Don’t blame Nathan Myhrvold for taking advantage of the culture of rampant patent litigation in this country. He is only doing what large companies with vast patent portfolios such as IBM and Microsoft do on a daily basis: use the threat of patent infringement litigation to strike lucrative patent licensing deals. Except Myhrvold, who used to be Bill Gates’ right-hand man at Microsoft during the 1990s, does it through his patent-gobbling fund, Intellectual Ventures. The fund has collected more than 20,000 patents on the cheap from universities, inventors, and bankrupt companies, which it then uses to extract hefty licensing fees from some of the biggest companies in the world.
Since he started Intellectual Ventures eight years ago, he has returned $1 billion in licensing fees to investors, he tells the WSJ. Those investors include some of the same companies who are licensing his patents: Sony, Nokia, Microsoft, Intel, Google, eBay, SAP, and Nvidia. A story in today’s WSJ (behind the pay wall, unfortunately), details how companies like Cisco and Verizon are ponying up hundreds of millions of dollars each to stay (and how others, like Comcast, refuse to pay). Excerpt:
In recent months Mr. Myhrvold’s firm, Intellectual Ventures, has secured payments in the range of $200 million to $400 million from companies including telecom giant Verizon Communications Inc. and networking-gear maker Cisco Systems Inc., according to people familiar with the situation. Verizon, for instance, disclosed in a July filing with the Securities and Exchange Commission that it plans to pay as much as $350 million for patent licenses and an equity stake in a patent-holding investment fund. The company operating that investment fund is Intellectual Ventures, according to a person familiar with the terms of the deal.
And here is the extortion part:
In many cases, companies that make these license payments also become investors in Mr. Myhrvold’s firm. . . . Intellectual Ventures, which has about $5 billion under management, bears some similarities to a private-equity firm that operates investment funds for the benefit of investors. However, its largest fund has an unusual structure in which fund investors are also responsible for the lion’s share of the fund’s returns.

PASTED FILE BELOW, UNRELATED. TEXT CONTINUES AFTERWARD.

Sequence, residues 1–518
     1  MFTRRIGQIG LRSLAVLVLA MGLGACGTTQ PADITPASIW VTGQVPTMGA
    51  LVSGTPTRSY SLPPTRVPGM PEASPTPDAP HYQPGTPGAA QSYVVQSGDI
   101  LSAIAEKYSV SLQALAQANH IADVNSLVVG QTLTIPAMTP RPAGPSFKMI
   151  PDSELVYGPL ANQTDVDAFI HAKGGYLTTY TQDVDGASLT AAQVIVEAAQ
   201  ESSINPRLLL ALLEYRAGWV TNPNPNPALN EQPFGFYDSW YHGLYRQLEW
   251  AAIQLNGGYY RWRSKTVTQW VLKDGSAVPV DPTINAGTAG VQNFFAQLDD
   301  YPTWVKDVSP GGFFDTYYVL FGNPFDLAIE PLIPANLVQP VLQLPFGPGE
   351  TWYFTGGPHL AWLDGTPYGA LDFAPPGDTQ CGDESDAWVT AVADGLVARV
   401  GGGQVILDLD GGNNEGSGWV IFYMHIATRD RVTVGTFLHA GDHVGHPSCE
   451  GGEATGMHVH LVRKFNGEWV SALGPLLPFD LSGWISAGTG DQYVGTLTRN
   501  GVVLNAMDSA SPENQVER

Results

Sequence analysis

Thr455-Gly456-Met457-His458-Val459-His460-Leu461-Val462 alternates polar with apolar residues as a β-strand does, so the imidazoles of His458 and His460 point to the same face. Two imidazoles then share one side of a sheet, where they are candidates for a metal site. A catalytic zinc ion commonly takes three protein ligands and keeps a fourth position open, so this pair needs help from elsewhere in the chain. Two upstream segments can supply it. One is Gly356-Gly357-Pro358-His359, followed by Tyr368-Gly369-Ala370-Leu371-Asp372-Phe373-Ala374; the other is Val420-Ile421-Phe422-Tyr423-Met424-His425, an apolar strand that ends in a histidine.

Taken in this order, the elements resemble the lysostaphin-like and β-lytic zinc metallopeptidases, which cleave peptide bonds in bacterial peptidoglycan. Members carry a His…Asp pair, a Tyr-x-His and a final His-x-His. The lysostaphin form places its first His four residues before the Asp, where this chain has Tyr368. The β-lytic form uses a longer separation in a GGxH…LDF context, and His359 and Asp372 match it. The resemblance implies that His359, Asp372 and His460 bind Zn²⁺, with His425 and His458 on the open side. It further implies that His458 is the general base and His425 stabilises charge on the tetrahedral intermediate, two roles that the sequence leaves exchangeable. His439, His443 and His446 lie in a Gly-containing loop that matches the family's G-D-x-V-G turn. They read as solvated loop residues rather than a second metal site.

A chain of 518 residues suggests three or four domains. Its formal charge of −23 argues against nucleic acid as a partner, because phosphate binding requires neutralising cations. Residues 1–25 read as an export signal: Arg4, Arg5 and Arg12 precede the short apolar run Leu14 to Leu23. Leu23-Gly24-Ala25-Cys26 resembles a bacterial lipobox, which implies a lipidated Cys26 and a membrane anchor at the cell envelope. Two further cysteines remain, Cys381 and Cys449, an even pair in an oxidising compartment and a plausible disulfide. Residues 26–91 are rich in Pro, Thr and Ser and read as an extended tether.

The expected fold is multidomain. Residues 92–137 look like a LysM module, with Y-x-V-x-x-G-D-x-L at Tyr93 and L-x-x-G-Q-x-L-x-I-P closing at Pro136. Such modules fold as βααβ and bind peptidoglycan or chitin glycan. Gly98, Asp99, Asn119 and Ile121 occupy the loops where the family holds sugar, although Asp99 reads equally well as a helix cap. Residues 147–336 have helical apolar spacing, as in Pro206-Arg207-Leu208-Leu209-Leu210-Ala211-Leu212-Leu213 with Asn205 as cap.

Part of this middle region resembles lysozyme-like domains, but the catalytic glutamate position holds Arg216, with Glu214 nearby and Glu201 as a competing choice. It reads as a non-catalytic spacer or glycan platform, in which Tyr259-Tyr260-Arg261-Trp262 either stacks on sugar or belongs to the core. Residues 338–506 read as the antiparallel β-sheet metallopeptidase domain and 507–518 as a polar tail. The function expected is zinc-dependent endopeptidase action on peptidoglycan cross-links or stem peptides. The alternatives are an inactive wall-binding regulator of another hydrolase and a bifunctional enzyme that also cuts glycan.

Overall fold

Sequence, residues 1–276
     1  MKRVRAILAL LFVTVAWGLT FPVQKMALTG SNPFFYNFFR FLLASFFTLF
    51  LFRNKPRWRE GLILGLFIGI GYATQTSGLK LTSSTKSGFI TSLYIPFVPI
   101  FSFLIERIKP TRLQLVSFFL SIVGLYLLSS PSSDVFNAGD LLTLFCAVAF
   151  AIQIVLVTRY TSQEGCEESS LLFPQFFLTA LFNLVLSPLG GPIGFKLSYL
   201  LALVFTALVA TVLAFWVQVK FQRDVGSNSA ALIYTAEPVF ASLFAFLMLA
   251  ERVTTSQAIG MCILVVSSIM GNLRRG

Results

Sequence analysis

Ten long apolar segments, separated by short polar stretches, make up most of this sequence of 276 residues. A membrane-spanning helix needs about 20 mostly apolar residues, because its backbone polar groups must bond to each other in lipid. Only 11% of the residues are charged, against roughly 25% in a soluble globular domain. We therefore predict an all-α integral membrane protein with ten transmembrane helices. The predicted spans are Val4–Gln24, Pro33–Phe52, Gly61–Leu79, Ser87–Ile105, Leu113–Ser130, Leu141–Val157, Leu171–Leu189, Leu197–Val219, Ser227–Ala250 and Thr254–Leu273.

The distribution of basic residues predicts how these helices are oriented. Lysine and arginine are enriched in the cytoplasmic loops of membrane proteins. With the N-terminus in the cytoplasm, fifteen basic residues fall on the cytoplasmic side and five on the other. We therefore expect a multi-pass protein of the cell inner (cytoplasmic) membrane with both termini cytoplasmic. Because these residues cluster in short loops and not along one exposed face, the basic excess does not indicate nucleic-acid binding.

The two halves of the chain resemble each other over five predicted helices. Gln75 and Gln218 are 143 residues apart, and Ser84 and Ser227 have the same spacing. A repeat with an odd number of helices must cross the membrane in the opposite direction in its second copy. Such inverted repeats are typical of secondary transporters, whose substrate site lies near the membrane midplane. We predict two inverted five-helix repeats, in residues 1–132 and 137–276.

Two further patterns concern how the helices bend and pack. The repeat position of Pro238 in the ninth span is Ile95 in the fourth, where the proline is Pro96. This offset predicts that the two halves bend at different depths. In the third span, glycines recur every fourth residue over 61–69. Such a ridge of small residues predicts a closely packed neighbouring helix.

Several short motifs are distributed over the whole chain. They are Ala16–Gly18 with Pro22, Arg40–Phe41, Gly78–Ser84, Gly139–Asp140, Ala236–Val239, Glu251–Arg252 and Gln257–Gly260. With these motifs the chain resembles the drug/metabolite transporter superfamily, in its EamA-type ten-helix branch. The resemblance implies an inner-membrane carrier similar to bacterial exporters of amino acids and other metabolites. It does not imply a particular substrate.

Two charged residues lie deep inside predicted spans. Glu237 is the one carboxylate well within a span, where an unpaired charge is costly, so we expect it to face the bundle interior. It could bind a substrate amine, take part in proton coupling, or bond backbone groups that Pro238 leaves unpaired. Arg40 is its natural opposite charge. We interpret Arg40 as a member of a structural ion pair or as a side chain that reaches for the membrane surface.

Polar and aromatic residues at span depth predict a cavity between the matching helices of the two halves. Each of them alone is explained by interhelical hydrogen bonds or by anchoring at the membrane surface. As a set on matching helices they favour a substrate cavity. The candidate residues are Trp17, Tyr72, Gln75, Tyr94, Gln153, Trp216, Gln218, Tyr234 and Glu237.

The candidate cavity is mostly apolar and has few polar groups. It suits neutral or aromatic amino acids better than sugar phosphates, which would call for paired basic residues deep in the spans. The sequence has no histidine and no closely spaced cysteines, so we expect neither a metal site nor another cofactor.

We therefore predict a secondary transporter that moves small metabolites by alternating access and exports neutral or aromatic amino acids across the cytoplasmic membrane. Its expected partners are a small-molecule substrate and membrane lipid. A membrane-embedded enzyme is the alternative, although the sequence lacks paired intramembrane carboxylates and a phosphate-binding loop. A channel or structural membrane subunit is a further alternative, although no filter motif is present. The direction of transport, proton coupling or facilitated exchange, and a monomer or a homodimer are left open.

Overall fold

It works like this: Technology companies agree to pay patent-licensing fees to inoculate themselves against potential lawsuits by Intellectual Ventures. These fees are how the fund generates its returns. As part of the deal, though, these same companies also put up the cash Mr. Myhrvold uses to buy more patents, receiving an equity stake in the fund in return. (Some companies don’t obtain long-term patent licenses, but instead get shorter “guillotine” licenses that must be renewed periodically.)
Mr. Myhrvold, who has a staff of 400 (including an army of patent lawyers), collects an annual 2% management fee from investors, according to several people familiar with the fee structure. Intellectual Ventures also keeps a percentage of any gains.
It is a virtuous cycle. Intellectual Ventures recently closed a $1.5 billion patent fund, and is now raising another $2.5 billion one. And copycat companies like RPX Corporation (headed up by a former Intellectual Ventures executive and backed by Kleiner Perkins and Charles River Ventures) are beginning to pop up.
But like I said: Don’t get mad at Myhrvold and his ilk for capitalizing on a broken patent system. Instead, we should fix the patent system so that it rewards invention over litigation.